Transition in city clerk's office prompts plans to reorganize departments
Belfast — A recently-filled vacancy in the Belfast city clerk's office gave the city manager opportunity to re-evaluate the department's structure and how it divides responsibilities with the finance department.
At the Aug. 5 Belfast City Council meeting former Downeast Credit Union Branch Manager Amy Flood, of Searsport, was appointed as the new city clerk, following the resignation of Denise Beckett who served in that position since 2010.
City Manager Joseph Slocum proposed at the same meeting a new streamlined organization of Belfast City Hall's street-level lobby offices, which he said will make them more efficient and improve the public's experience.
Currently, the city clerk's office, at the counter to the back, handles hunting, fishing and dog licenses, voter registration, transfer station stickers, and birth, death and marriage certificates. The tax collector's office handles tax collection, car registration and sewer bills at the counter to the left. When a resident enters City Hall for a service not listed on the signs above the two counters, he has to guess which counter to approach. Meanwhile, the clerk, tax collector, treasurer and their deputies wonder, while working at their desks or assisting other customers, who would be the right person to assist him.
In the suggested reorganization, the city clerk's office would be responsible for all counter services. Two staff would be stationed at the counter to the left of the lobby all times the office is open.
The proposed reorganization would also remove the treasurer's office from day-to-day counter management, and the tax collector's and city clerk's offices would be merged. The portion of accounts payable duties currently the responsibility of the the city clerk's office, would be transferred to the treasurer's office, with the city manager's office providing oversight and checks and balances.
“The clerk's office doesn't need to be tied up two and a half days a week looking at accounts payable,” said Slocum.
Slocum said the plan would eliminate the need to cross train staff from the clerk's, tax collector's and treasurer's offices to assist customers. All counter staff will report to one chief, the new city clerk, instead of two as they have had to in the past.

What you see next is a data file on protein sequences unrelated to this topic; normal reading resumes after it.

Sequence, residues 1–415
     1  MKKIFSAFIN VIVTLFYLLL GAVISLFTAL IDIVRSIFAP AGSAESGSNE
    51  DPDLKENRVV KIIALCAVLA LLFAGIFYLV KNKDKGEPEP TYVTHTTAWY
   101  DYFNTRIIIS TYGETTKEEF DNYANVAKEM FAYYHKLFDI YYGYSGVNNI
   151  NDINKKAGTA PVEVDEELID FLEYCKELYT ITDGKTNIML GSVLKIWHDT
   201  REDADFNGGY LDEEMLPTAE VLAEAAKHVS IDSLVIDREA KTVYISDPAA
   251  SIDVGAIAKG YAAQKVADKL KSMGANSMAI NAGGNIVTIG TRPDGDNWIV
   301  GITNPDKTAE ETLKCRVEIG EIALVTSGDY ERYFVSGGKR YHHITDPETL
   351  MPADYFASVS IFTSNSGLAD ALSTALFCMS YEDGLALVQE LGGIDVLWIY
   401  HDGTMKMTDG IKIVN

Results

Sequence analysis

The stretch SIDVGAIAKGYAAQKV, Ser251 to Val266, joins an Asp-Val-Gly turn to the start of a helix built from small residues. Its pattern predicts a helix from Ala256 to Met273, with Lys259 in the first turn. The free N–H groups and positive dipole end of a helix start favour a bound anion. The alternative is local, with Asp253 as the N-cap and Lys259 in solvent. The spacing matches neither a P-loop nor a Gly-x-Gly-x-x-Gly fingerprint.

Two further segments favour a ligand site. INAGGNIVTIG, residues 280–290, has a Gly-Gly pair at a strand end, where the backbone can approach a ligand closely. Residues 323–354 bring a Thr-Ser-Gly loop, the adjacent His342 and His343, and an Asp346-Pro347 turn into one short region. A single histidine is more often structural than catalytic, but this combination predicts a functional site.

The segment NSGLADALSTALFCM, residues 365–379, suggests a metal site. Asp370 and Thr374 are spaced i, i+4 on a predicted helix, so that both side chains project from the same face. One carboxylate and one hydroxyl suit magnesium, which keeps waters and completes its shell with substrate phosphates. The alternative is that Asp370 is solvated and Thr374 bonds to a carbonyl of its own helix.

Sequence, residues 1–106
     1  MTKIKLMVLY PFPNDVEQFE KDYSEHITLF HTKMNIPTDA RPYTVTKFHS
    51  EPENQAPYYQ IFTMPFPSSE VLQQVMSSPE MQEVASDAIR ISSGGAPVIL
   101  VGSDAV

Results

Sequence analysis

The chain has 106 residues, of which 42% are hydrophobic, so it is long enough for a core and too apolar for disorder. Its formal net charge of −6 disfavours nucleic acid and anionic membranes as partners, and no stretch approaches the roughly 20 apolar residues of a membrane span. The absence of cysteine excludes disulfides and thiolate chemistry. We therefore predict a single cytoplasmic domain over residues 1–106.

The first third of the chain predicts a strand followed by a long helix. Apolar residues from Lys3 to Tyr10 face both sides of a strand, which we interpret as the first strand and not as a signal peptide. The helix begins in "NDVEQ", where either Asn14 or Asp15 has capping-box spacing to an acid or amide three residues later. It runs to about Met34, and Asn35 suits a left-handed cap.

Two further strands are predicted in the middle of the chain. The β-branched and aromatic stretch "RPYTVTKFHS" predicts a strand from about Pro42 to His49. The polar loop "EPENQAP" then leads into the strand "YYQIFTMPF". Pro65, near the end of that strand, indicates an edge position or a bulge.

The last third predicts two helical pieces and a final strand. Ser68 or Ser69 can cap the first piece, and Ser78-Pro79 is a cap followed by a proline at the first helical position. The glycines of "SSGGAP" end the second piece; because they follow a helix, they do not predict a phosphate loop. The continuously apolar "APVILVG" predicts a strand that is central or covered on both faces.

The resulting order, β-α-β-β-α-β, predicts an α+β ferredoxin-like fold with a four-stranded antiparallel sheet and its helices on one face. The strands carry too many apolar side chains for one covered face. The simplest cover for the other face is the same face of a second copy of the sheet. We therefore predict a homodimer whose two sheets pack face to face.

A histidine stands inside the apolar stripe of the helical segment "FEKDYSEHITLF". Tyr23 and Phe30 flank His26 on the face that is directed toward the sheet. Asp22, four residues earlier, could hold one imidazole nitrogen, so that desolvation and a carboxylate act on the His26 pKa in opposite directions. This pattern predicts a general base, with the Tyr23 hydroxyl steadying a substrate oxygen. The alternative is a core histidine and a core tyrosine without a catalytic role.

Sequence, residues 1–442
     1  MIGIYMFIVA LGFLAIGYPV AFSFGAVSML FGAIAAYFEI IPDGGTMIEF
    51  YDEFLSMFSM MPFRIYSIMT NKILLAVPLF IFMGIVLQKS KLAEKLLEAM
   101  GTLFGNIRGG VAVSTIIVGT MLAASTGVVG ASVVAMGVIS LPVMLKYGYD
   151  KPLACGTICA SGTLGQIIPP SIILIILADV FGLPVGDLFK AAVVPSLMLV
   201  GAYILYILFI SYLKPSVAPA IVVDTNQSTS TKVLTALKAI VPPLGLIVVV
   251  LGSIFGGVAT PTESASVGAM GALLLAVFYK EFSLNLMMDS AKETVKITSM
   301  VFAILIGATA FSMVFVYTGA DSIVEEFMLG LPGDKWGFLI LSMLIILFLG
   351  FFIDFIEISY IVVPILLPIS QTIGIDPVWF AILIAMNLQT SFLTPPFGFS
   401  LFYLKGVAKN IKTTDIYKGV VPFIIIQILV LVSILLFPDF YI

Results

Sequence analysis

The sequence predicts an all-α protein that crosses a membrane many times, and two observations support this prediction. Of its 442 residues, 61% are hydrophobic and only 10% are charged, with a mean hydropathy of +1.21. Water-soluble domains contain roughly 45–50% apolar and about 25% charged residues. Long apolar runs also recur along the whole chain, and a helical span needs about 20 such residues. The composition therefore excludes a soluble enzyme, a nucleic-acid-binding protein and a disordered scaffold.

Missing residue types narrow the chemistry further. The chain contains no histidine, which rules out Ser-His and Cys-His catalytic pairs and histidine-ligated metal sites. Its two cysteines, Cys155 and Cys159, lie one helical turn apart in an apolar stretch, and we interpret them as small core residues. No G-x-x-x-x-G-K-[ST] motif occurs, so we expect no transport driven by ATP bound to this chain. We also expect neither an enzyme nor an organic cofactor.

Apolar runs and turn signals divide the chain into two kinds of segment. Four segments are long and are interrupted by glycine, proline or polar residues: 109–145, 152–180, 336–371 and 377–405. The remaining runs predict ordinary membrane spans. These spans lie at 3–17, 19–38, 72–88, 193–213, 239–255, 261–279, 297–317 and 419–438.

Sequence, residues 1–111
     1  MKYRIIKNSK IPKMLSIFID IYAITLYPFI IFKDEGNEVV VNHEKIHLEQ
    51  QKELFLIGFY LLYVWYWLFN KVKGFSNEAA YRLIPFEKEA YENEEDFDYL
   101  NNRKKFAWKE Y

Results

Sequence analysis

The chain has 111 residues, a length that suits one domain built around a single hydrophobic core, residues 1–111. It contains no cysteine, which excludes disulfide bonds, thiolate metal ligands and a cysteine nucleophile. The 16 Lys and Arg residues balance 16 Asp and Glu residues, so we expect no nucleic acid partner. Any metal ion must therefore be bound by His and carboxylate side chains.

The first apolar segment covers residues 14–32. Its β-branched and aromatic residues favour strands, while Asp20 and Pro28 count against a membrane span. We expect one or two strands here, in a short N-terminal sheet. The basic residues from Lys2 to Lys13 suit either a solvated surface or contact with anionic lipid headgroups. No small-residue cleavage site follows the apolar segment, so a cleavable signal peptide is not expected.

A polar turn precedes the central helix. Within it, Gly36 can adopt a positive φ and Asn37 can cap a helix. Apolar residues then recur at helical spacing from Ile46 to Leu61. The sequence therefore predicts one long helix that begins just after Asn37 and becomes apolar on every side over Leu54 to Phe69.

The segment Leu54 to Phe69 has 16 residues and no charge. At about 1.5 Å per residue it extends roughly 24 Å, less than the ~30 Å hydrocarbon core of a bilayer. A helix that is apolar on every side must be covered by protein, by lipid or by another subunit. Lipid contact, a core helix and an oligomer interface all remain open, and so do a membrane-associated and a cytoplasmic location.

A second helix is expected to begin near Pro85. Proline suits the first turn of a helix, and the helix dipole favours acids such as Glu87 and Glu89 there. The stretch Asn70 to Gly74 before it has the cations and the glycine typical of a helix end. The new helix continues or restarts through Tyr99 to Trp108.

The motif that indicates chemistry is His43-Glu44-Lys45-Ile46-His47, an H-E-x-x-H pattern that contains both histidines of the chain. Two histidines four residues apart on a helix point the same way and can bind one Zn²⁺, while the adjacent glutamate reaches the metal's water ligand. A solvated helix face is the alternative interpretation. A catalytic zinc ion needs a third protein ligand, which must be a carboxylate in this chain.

Also, with four staff members rotating every four hours between desk and counter positions, each staff member will have dedicated desk time to work on reports and tasks best accomplished without interruption.
“Right now people are running around between desk and counter, and task is interrupting task,” Slocum said.
However, staff at their desks will be available to assist at the counter if necessary. When a resident comes in with a confidential matter, Slocum said, one of the desk staff can assist them at the unused counter away from the other customers. That counter or the wheelchair-accessible station can also be opened up at peak times to deal with high-volume, quick services — absentee ballots, for example.
Another suggestion was to have a box for sewer bill payments with a photocopier next to it so those can simply be dropped off by residents (after photocopying for their records) and entered by staff at a slower time during the day.
Slocum also proposed a closing time of 3:30 p.m. on Wednesdays, generally the office's quietest day of the week, to give staff time to coordinate the reorganization and to communicate about internal matters. This will be done on a trial basis for up to six months.
“We want to make people's experience quicker, more efficient, more pleasant and more welcoming,” Slocum said."I am confident that with these changes and improvements in our weekly communications, we can better achieve these standards."